Tag Archives: monetary policy

China’s State-Owned Debt Problem

WHEN, AS IS expected later this year, the U.S. Federal Reserve starts to raise interest rates, it will put renewed strain on emerging economies’ debt management. Those most vulnerable are countries with high levels of dollar-denominated external debt and those with high public debt.

Where does that leave China? As so often, slightly oddly placed.

China’s external debt exposure is low. Foreign debt is estimated to be equivalent to less than 10% of GDP. That modest figure by international standards is because China funded its infrastructure building domestically and not by borrowing from abroad. Thus it has avoided one of the textbook potential triggers of an emerging market debt crisis. It helps that China has a financial system that is semi-detached from global capital markets.

On the other hand, China’s domestic borrowing is huge. Total debt, including debt of the financial sector, nearly quadrupled between 2007 and 2014, by the reckoning of the McKinsey Global Institute (MGI), rising from $7.4 trillion to $28.2 trillion, or from 158% of GDP to 282%. This increase was a consequence of the investment-driven stimulus Beijing launched to offset the 2008 global financial crisis and which was funded by bank credit, albeit domestic not external borrowing.

That new debt was largely taken on by non-financial corporations. MGI calculates that that set’s debt accounts for 125% of GDP. Rating agency Standard & Poor’s estimates that China surpassed the United States as the largest corporate debt borrower in 2013.

China’s non-financial corporations are a broad church, however. Their debt is concentrated within state-owned enterprises, not anymore in private companies with the one significant exception of firms in the property sector. MGI estimates that approaching half of non-financial corporate debt connects in some way to real estate development, with 60 firms accounting for two-thirds of it.

An IMF Working Paper on corporate indebtedness in China published by Mali Chivakul and W. Raphael Lam in March puts it thus, “while leverage on average is not high, there is a fat tail of highly leveraged firms accounting for a significant share of total corporate debt, mainly concentrated in the real estate and construction sector and state-owned enterprises in general.”

Chivakul and Lam go on to argue that development and construction firms could withstand a modest interest rate shock, but other corporations in the wider economy would feel the knock-on effect of a slowdown in the property sector. “The share of debt that would be in financial distress would rise to about a quarter of total listed-firm debt in the event of a 20% decline in real estate and construction profits,” they say.

A separate report from economists at the Hong Kong Monetary Authority comes up with a similar analysis — that China’s debt problem is largely an SEO debt problem — and points the finger at  ‘policy driven lending’. “SOEs’ leveraging has been mainly driven by implicit government support amid lower funding costs than private enterprises,” they say.

There is now less such politically driven new lending than before. That partly reflects the passing of the post-2008 stimulus but also a recognition that private firms create the new jobs that are critical to social stability. It also reflects the shuttering, particularly since 2012, of small, inefficient and heavily polluting and indebted SOEs in industries such as steel, cement and mining.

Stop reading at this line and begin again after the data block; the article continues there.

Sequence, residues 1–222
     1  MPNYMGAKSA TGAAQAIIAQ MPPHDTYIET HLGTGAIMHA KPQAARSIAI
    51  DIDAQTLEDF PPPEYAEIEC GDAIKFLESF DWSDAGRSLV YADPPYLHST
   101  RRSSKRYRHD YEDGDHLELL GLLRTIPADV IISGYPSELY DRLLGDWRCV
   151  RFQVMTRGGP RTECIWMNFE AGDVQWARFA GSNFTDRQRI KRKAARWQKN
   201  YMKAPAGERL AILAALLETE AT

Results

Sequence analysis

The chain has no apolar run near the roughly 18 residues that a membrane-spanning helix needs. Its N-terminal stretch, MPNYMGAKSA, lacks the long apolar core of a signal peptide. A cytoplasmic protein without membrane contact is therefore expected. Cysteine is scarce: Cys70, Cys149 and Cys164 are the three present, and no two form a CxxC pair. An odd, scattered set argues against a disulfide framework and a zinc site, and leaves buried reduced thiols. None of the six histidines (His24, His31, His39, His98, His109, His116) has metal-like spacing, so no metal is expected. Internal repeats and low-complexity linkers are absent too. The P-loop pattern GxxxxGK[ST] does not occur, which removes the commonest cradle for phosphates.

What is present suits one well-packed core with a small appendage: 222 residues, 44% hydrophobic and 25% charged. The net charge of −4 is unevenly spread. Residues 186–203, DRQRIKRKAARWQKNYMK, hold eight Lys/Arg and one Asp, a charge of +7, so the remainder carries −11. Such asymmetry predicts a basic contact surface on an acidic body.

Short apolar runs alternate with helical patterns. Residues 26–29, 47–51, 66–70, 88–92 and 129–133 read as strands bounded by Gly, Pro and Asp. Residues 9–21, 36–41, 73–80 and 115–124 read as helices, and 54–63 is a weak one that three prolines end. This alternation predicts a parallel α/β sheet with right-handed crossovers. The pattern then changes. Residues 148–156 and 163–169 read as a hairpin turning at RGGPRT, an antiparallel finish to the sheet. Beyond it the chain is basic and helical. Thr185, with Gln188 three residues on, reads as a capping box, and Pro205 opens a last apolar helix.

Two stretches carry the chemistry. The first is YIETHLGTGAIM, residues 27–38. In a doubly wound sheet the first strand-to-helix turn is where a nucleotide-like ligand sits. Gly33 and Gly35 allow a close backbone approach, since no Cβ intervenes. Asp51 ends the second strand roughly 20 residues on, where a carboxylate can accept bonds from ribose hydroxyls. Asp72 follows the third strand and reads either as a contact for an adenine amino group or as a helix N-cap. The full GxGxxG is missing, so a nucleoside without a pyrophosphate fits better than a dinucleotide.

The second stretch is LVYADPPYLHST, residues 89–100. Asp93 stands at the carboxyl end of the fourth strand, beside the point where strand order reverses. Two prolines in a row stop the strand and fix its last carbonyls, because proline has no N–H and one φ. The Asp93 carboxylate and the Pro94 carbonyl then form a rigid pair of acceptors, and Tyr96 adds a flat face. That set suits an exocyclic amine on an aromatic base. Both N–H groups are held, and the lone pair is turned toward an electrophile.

A further round of such ‘SOE reform’ seems likely. And to this Bystander, the corruption investigations into SOEs seems in part an attempt to accelerate those reforms, given that  SEOs are seen as acting as a drag on the wider push for reform and economic rebalancing.

From SOEs it is but a short step to China’s other deep pool of domestic-debt concern — local government borrowing. Outstanding debt has reportedly reached 16 trillion yuan ($2.6 trillion), up 47% from June 2013. Overall, government debt is equivalent to 55% of GDP, again not a concerning high level by international standards. But it is concentrated in pockets, closely tied to real estate, and a further drag on an already slowing economy.

Beijing has both the political will and the financial wherewithal to underwrite local government defaults and forestall any threat of financial systemic risk. However, policy makers will use the mere hint of it to push local government finance reform and deepening municipal bond markets.

Local governments have relied on land sales for revenue, and also seek to turn a yuan from commercial activities conducted through captive off-balance-sheet special financing vehicles, which have borrowed heavily from both mainstream and shadow banks. So the threat of contaigion is real. Rising interest rates will only make it more so, and aid the cause of local government finance reform.

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China Adds More Speed Bumps To The Road To Rebalancing

THE PEOPLE’S BANK of China has reportedly injected some 500 billion yuan into the five biggest commercial banks in the form of short-term low-interest loans. This can best be regarded as a targeted monetary easing to perk up an economy at risk of falling short of its official target of 7.5% annual growth following a run of soft monthly economic indicators. Four months of a weakening property market, in particular, has culminated in noticeable economic sluggishness since mid-August.

Taking such action ahead of the October national day holiday, during which the banks traditionally face high cash withdrawals, gives the central bank a fig leaf from behind which to claim, should it be of a mind to explain its motives, that it is not indulging in old-school stimulus. Much of the new loans is likely to end up in the real estate sector and funding new infrastructure, however, and thus lay down more speed bumps along the road to rebalancing the economy.

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China’s Second-Quarter GDP Growth Exceeds Expectations